Breakfast consists of the usual granola bar, glass of juice, and small piece of fruit. Rechecking for imperfections in the mirror, none are found. You grab the shiny pink purse altered with beaded fringe as a strap and get in the car, turning the engine over three of four times before the clinker starts. Effortlessly, the car glides down the drive and into the street, idling only momentarily while you direct it down the street and toward the low brick building you need to be at in 10 minutes. Soft songs float from the speakers.

Saturday, June 12, 2010

Back in the Saddle: 4 Lines of Prose

She pushed her thumb deep into her thigh, pressing the length of the taut tendon with the force of a steamroller. After a few minutes, she moved to her left leg and then worked the backs of her calves over the same way, releasing only a small percentage of the tension that had built up. "Time to get back in yer saddles," yelled the tour guide.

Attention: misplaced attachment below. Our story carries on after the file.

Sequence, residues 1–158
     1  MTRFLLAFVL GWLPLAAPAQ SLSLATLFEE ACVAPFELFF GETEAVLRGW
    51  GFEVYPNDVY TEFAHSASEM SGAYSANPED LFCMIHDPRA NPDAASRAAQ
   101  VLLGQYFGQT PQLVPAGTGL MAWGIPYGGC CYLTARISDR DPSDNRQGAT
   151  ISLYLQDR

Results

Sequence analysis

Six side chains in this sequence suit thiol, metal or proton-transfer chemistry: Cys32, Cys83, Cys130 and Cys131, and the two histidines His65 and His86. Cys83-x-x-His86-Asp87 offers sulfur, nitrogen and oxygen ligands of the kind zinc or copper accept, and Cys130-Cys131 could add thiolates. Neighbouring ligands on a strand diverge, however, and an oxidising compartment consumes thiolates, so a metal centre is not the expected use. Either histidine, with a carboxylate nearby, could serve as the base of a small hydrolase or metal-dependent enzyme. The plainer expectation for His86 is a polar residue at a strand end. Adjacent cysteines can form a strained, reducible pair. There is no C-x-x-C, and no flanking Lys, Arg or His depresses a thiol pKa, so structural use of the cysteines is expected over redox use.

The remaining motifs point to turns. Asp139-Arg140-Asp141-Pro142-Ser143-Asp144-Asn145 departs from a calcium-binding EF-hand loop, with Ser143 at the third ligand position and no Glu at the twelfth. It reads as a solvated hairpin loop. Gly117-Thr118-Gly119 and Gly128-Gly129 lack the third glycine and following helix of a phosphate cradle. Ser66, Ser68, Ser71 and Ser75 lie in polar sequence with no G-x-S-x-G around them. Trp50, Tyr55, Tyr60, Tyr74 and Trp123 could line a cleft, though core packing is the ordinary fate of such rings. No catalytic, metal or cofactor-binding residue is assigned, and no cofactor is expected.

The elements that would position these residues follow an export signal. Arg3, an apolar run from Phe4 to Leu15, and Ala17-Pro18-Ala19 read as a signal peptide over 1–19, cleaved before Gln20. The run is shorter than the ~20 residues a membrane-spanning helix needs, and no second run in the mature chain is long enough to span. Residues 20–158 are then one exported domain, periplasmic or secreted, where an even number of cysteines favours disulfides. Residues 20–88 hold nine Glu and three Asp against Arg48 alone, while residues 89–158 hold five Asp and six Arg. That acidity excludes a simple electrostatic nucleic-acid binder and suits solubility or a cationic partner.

"Why or why," she moaned to her companion as she climbed back on her too short stubborn ass, "did I think a three day trip by mule through the canyons sounded fun?"

*** Daily Writing Practice ***

Friday, June 11, 2010

The Assistant

He reached his hairy arm out, his floppy lips curling into an over-sized smile that showed his yellowed crooked teeth. The audience laughed and applauded. The assistant took a bow. "And for my next trick," the magician began, "my assistant will now use his charms to woo that beautiful woman into giving me her phone number."

Again, the audience laughed. Whistles and catcalls floated to the ceiling of the large auditorium as the assistance ambled agiley down the aisle. Midway to the woman selected by the magician, he stooped and picked something off the carpet. He held it before his eyes, the piece so small not even those in the end seats could make out what it was. Still, he scrutinized it with an intensity most people would have found alarming outside of the auditorium. Without warning, the young assistant popped it into his mouth and then tumbled forward, completing the perfect somersault to thunderous applause.